SLEEPY HOLLOW - Uncle Junior’s daughter has a story to tell, but she insists she’s no snitch.
Rebecca Chianese, the daughter of Dominic Chianese — who played the well-connected Uncle Junior on HBO’s “The Sopranos” — is out with a debut novel, “Mercy” (Hollow Press).
It has elements of her life: A famous entertainer father who left when she was young; a childhood in Crown Heights, Brooklyn; living now in Sleepy Hollow. But the first-time author draws a clear line between memoir and fiction, a line she’ll explore more fully, alongside her father, at the Chappaqua Library at 7 p.m. Sept. 7.
The event — “What Happens When Fiction and Memoir Collide?” — will be moderated by Tarrytown’s cultural critic and memoirist Joe Queenan, a friend of Rebecca Chianese.
Tarrytown author and memoirist Joe Queenan will moderate a Chappaqua Library discussion, ”What Happens When Fiction and Memoir Collide?” on Sept. 7. Taking part will be former "Sopranos" star Dominic Chianese and Chianese's daughter, Rebecca Chianese, will talk about her debut novel, "Mercy," in stores now. (Photo: Submitted)
"Joe read the book and his feedback was 'considering there was no KGB, no FBI, no CIA and nobody got blown up, I really enjoyed it,'” Chianese says with a laugh.
Queenan chronicled his early childhood dysfunction, growing up Irish Catholic in Philadelphia in the ‘60s, in his 2009 book “Closing Time: A Memoir.” In 1998’s “Red Lobster, White Trash, & the Blue Lagoon: Joe Queenan's America,” he skewered pop culture touchstones.
But the discussion in Chappaqua will explore how much a writer’s life experiences influence his or her fiction.
“My father is writing a memoir right now, he’s co-writing it with someone, which is an interesting perspective,” Chianese says.
At the Chappaqua event, the writer will share the stage with two men who aren't quite sold on the idea that her debut novel is all fiction. Queenan and her father needed a bit of convincing that “Mercy” wasn’t autobiographical.
“Joe told me I wrote a roman-a-clef, and I said, ‘it’s fiction,’ and he said, ‘yeah, but…’”
When her father read it, he responded to its themes of forgiveness, redemption, hope and irreverence.
“He said ‘I didn’t realize how difficult things were for you,’ and I said ‘it’s fiction,’ and he said, ‘yeah, but…’”
The new author has been making the rounds of book clubs.
“Because people think it’s so personal, they share their experiences with me. It’s touching. But they all speak to me as though it’s memoir.”
One reader shared a tragic loss with the writer and was convinced that Chianese had suffered a similar loss, because of her ability to capture those deep emotions and feelings.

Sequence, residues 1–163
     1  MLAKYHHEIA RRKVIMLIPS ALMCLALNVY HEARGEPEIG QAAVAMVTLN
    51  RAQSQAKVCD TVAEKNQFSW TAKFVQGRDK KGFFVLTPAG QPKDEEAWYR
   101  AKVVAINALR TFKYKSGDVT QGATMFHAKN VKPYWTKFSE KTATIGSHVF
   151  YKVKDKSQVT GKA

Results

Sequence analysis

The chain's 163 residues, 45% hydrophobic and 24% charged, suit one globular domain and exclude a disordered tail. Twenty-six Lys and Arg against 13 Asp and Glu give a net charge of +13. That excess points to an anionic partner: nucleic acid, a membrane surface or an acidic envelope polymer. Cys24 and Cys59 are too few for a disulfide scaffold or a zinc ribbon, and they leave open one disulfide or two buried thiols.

'An absent father'
Former "Sopranos" actor Dominic Chianese will be taking part in a Chappaqua Library discussion, ”What Happens When Fiction and Memoir Collide?” on Sept. 7. Tarrytown author and memoirist Joe Queenan will moderate and Chianese's daughter, Rebecca Chianese, will talk about her debut novel, "Mercy," in stores now.
There was loss, but not to the level Chianese captures in “Mercy.”
Her father left the family when his daughter was 4. She would watch him on “Ryan’s Hope,” “one of my favorite stories,” she says, and would occasionally go to the set in New York to see him work.
“It was a way to have a relationship with him,” she says.
“He was an absent father. He knows the toll it took and he knows the toll it took on him. Part of it was the life of an actor. Part of it was his own choices.”
In “Mercy,” the main character’s father is a country singer who hopes to revive his career by getting his own reality show. There are flashbacks to growing up in Crown Heights in the ‘70s, to "dungarees" and “The Brady Bunch” and trips to the Brooklyn Botanical Garden.
But there are plenty of contemporary scenes — set in Tarrytown and Sleepy Hollow and in Piermont — that local readers will appreciate. The Tappan Zee Bridge plays a pivotal role in the action.
The Westchester women in Carly’s circle do yoga, obsess about real estate and gossip, fret over what they wear, and drink plenty of wine. And they love to shop for food at Stone Barns, for the superior way it makes them feel. (You can hear Chianese read the Stone Barns passage on lohud.)
There is humor and heartache and honesty in “Mercy,” which is, perhaps why readers have responded the way they have. It feels intimate, personal.
But Chianese insists it’s not about her, personally.
“Carly co-opted my memories and they became hers,” the writer says. “But she is truly her own person. I tried to make her do certain things. I wanted her to be a photojournalist, but she wanted to be a painter. Photojournalism is much easier to research than painting. But she wanted to be a painter, something I know nothing about. So I spent six months trying to learn enough about painting to write about it."
Carly also did yoga, which Chianese despised. But to get to know Carly, she took yoga for a year.
“That was annoying of her,” Chianese says with a laugh.
The Chappaqua event is her father’s way of making good on a promise to “do whatever he could to help with the book.”
It can make for an interesting visual, when fans of “The Sopranos” show up to meet Uncle Junior and have to buy a book to get it signed.
“On Long Island, there were all these big, tough-looking guys clutching my book, which has pink flowers on the cover,” Chianese says with a laugh.
But they came, just the same, for the chance to meet a famous father. And his daughter who has a story to tell.
What Happens When Fiction and Memoir Collide?
What: A discussion moderated by critic and memoirist Joe Queenan, with “Sopranos” actor Dominic Chianese and his daughter, Rebecca Chianese, author of “Mercy,” now in stores.
Where: Chappaqua Library, 195 S. Greeley Ave., Chappaqua.